The purpose of this policy is to provide guidelines to the ENMU community regarding the lawful uses of copyrighted works made available within or through the library. Copyright protection applies to the reproduction, alteration, distribution and performance of a variety of creative works, including printed material, sound and video recordings, visual artwork and software. This policy has been updated to include information since the passage of the Digital Millennium Copyright Act(DMCA), the Sonny Bono Copyright Term Extension Act and the Teach Act.
Copyright is a form of legal protection for authors of original works. Any original expression is automatically copyright-protected as soon as it is fixed in a tangible form (paper, disk, computer file, video recording, etc.). Neither publication nor registration is essential for a work to be copyright protected, e.g., most of the material available on the Internet is copyright protected, even if no © notice or warning is displayed. While certain uses of copyrighted material are exempt from infringement liability, as discussed below, any use in excess of permitted exemptions requires that permission first be obtained from the copyright owner. Permission may involve payment of a royalty fee to the copyright owner. When in doubt, always inquire about the status of an item or obtain permission.
Exemptions: Items that are not copyright-protected may be freely used without permission. These include:
In some cases, permission to use material, for prescribed purposes, is granted within the work itself, e.g., at the end of a web page, in the front matter of a book or a freeware software agreement.
Duration of Copyright
Copyright protection depends upon when an item was created or published. Copyright term limits are as follows:
The Copyright Act, section 106 gives copyright owners the exclusive right to do and to authorize others to do the following:
Although the rights named above are exclusive to copyright owners, they are not absolute. Nonprofit educational institutions whose primary focus is to support research and instructional activities of educators and students for noncommercial purposes are permitted limited uses that are exempt from infringement liability.
The fair use doctrine of the Copyright Act permits reproduction and other uses of copyrighted works under certain conditions for purposes such as criticism, comment, news reporting, teaching (including multiple copies for classroom use), scholarship and research. Each proposed use must consider the following four factors to determine fairness:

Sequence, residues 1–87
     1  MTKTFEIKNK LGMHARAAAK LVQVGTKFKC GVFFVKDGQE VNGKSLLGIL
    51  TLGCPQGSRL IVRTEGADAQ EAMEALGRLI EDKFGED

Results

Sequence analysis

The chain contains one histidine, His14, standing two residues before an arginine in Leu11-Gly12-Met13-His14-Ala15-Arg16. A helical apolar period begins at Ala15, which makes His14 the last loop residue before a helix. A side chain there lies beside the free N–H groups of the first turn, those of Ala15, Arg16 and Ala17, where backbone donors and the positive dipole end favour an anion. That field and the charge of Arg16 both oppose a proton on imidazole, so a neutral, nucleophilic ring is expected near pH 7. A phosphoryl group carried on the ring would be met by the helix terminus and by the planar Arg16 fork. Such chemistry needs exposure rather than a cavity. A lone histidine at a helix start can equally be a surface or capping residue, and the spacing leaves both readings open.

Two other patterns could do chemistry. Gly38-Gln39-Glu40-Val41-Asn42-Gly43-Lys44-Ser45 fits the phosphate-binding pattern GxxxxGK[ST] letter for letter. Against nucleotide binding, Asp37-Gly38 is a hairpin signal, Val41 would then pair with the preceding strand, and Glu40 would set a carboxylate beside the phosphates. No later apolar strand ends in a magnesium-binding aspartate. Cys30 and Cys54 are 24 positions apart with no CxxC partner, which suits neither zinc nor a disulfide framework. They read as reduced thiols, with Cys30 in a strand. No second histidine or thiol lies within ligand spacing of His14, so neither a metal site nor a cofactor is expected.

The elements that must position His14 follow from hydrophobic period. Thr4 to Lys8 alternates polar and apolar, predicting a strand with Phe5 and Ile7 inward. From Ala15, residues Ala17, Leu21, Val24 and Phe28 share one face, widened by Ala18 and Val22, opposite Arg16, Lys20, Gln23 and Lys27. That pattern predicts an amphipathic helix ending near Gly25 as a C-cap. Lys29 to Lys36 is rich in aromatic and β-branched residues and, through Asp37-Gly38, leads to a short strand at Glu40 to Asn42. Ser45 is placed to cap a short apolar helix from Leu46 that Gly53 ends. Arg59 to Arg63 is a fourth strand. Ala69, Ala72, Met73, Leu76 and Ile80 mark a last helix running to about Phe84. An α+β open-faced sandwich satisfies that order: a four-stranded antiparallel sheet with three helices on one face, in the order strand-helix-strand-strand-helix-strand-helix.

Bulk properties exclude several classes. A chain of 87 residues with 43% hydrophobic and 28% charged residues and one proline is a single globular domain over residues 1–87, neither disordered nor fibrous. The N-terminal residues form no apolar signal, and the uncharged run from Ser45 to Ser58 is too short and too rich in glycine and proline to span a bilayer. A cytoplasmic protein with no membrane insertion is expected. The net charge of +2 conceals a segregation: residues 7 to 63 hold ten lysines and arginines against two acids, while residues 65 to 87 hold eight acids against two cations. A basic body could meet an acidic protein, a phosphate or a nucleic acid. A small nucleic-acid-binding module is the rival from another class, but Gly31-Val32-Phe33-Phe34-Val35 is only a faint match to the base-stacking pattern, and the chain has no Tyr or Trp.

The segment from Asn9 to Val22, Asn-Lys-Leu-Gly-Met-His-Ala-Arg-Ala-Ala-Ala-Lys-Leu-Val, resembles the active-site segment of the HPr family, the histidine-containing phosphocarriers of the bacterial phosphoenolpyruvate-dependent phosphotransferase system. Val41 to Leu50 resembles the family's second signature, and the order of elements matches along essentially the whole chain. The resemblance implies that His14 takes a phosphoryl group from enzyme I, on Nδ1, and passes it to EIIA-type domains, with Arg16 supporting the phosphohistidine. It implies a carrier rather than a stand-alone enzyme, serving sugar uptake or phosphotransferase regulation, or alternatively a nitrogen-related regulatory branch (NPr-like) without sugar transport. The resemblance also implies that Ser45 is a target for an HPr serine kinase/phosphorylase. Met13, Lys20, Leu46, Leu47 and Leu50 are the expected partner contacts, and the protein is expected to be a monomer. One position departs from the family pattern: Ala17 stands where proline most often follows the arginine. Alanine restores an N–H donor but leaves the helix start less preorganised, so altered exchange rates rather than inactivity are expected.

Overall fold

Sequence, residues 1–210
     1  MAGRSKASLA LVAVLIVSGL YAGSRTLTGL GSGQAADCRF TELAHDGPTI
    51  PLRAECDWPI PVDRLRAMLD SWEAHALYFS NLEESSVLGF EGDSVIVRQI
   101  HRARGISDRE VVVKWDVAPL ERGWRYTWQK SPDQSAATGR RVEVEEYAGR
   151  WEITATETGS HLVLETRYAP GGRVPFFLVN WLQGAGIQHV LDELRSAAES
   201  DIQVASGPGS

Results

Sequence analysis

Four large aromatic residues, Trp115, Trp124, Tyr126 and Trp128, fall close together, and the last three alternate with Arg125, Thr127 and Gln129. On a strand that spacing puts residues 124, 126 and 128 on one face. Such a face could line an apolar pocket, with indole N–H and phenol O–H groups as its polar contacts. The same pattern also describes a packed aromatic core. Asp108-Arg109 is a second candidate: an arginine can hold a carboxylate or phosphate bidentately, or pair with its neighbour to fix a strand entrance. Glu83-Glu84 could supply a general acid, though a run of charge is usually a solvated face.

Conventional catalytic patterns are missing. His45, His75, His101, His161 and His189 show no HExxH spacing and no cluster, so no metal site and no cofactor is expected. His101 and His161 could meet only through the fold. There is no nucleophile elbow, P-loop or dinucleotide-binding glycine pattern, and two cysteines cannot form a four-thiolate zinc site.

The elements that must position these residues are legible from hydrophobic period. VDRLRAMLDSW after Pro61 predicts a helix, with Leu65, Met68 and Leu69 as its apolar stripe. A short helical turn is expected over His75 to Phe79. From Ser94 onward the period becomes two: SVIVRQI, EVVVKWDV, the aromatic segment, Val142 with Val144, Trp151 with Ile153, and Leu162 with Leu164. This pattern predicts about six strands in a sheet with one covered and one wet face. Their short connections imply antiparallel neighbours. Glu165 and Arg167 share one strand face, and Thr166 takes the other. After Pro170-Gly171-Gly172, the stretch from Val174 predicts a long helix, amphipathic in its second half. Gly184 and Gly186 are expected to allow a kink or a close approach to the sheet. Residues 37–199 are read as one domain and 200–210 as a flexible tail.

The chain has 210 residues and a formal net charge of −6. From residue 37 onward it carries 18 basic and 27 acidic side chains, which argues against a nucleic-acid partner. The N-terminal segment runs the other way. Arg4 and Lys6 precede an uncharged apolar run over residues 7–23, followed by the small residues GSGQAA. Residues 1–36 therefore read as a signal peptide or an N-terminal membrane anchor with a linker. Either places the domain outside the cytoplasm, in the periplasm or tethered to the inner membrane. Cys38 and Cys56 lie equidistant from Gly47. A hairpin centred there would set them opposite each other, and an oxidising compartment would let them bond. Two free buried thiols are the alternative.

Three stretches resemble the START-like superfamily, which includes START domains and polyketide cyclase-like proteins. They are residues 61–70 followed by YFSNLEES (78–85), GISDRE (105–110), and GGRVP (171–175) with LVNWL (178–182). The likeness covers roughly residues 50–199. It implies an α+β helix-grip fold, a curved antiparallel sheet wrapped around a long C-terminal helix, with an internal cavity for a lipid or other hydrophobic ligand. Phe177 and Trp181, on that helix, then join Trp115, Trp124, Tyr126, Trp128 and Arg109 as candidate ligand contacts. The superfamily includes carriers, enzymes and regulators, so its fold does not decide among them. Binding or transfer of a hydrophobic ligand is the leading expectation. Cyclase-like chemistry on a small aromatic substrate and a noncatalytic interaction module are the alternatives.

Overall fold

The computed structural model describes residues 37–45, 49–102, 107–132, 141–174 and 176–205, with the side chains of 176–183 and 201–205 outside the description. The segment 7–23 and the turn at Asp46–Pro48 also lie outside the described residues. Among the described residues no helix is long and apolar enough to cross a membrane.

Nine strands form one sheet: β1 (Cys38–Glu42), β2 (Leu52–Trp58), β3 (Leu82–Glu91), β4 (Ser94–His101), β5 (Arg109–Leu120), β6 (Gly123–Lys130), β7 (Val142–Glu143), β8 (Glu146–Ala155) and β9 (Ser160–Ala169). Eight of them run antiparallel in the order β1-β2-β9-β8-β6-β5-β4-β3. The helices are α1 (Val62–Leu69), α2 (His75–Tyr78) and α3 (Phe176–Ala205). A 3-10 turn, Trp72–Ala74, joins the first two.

Multiple copies made for classroom use must each include a notice that the material is copyrighted. Copying to create, replace or substitute for anthologies, compilations or collective works is not a fair use. Copying of or from works intended to be "consumable" in the course of teaching (workbooks, standardized tests, etc.) is also not a fair use.
Golden Library's Electronic Reserves System guidelines will adhere to the fair use test factors discussed above. Assuming that a request meets the four-factor fair use test, that request is also subject to the following limitations:
The circumvention of any effective technological prevention measure, password or form of encryption used by a copyright holder to restrict access to material is prohibited.
Students and faculty may incorporate the works of others into a multimedia work when producing their own educational multimedia projects for a specific course or as teaching tools in support of curriculum-based instruction activities. The multimedia work may be displayed and performed in conjunction with or creation of a class assignment, curriculum material, examination, student portfolio and professional symposium, subject to the time, portion, copying and distribution limitations listed below. Multimedia projects may also be created and displayed in real-time remote courses, provided there are no technological limitations on access to the multimedia project and that technology prevents copying of the copyright-protected material. All other uses require permission from all owners of the various media included in a multimedia project.
Taping of Television and Radio Broadcasts for Educational Use
Taping is permitted, if: